Alcohol is a legal (though regulated) substance in Canada. It is a nervous system depressant and can be consumed in moderation with limited risks. Consuming alcohol does affect the body, presenting changes to concentration, speech, balance and coordination, judgement and senses (such as vision).
While alcohol consumption is generally accepted in Canada, it becomes a problem when it is consumed in excess regularly and begins to interfere with your day-to-day function. In some cases where large quantities of alcohol are consumed regularly, it can be dangerous to suddenly stop on your own.
For informaton on Canada's low-risk drinking guidelines, click here.
Signs of alcohol addiction include:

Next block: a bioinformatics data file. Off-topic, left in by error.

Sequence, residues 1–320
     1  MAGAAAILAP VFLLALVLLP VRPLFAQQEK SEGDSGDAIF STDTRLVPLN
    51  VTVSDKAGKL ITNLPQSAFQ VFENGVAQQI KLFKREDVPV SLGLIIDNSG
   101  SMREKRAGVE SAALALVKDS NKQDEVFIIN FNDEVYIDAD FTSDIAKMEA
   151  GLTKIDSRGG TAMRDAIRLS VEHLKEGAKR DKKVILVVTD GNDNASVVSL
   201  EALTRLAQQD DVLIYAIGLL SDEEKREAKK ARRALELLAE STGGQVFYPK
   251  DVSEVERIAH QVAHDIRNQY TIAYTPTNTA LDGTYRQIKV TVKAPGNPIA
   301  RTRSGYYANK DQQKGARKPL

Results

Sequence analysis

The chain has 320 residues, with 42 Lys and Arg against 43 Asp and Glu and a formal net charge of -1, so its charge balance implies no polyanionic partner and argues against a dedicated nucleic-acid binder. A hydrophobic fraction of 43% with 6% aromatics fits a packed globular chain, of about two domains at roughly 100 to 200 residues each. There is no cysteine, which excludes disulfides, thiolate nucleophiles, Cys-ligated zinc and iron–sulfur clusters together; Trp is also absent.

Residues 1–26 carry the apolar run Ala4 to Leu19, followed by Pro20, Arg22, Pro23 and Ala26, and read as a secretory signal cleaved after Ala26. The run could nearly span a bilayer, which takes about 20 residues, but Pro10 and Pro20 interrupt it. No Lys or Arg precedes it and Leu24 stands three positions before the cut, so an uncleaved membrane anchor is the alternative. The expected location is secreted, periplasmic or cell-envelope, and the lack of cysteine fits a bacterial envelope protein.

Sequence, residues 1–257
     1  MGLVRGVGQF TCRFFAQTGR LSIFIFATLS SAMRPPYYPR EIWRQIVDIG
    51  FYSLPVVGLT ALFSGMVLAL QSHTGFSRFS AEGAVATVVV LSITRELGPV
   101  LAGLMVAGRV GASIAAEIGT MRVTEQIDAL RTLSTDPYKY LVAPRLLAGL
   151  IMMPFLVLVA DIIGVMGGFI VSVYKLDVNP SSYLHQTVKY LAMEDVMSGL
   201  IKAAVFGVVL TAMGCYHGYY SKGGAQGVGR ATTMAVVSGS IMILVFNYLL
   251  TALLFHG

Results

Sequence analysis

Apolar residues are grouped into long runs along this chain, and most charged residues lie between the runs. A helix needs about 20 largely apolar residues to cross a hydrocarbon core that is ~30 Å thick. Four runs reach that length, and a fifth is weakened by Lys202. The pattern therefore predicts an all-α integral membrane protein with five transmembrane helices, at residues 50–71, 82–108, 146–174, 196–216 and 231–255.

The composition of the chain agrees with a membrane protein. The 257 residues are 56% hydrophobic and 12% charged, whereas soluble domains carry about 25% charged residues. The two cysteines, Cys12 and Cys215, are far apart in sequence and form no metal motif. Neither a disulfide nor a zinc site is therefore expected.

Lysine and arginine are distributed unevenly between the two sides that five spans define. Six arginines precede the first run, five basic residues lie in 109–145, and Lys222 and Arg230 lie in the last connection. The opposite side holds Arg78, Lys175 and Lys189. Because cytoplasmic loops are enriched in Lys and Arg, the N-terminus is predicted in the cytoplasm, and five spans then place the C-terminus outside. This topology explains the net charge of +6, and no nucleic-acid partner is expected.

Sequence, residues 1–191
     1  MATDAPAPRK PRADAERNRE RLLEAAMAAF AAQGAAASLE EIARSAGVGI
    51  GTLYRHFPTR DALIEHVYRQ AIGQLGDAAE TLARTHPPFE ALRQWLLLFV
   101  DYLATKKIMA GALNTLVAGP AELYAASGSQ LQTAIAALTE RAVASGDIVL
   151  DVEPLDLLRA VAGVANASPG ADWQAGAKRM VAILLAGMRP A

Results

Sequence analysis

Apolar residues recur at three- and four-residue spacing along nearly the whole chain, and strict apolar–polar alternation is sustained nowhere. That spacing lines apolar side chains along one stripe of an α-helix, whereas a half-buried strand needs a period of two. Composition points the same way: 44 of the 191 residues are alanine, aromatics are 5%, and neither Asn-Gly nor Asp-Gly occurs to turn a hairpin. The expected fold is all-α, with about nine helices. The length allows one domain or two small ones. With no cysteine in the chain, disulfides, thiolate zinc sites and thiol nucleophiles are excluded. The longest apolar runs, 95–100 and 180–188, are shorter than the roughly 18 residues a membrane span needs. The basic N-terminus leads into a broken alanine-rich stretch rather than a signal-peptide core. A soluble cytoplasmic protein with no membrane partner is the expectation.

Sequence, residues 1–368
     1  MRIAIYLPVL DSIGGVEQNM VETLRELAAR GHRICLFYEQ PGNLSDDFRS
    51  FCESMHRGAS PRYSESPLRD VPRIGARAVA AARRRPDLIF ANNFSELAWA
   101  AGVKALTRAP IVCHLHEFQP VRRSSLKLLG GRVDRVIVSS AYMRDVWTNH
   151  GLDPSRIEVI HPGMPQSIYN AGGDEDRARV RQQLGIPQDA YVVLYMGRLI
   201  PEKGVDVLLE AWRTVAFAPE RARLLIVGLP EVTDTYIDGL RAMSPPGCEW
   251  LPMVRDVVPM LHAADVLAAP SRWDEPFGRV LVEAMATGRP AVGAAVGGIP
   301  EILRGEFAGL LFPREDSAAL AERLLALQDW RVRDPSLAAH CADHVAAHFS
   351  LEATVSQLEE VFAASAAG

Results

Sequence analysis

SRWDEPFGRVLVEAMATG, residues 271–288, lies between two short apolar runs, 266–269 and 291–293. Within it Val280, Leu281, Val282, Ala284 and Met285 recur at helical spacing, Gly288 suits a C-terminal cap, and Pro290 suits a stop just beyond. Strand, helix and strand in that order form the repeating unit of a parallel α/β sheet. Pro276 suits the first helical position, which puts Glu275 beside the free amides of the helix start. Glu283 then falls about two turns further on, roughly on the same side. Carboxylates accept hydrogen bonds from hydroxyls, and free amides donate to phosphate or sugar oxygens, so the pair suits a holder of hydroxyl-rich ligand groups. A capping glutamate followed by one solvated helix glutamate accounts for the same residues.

Short term effects of excess alcohol consumption include:
Long term effects of excess alcohol consumption include:
There are three main stages to becoming alcohol dependent:
No Major Harm – There are no negative impacts to the person’s work or social life. Their health is not at risk in any significant way.
Starting to develop health problems and problems with work/social life/the law – Some people will cut back or quit drinking on their own when they notice these problems.
Person cannot stop – Despite recognizing the harm, the person continues to drink. They may tremble when sober, have decreased appetite and mood swings or depression.
 Alcohol abuse. Health Canadians – Government of Canada. http://healthycanadians.gc.ca/health-sante/addiction/alcohol-alcool-eng.php
 Drugs: Know the Facts, Cut Your Risks (Addiction Prevention Centre, 2008) 38-39.
 Ibid. 33.
 About Alcohol. Centre for Addiction and Mental Health. http://www.camh.ca/en/hospital/health_information/a_z_mental_health_and_addiction_information/alcohol/Pages/about_alcohol.aspx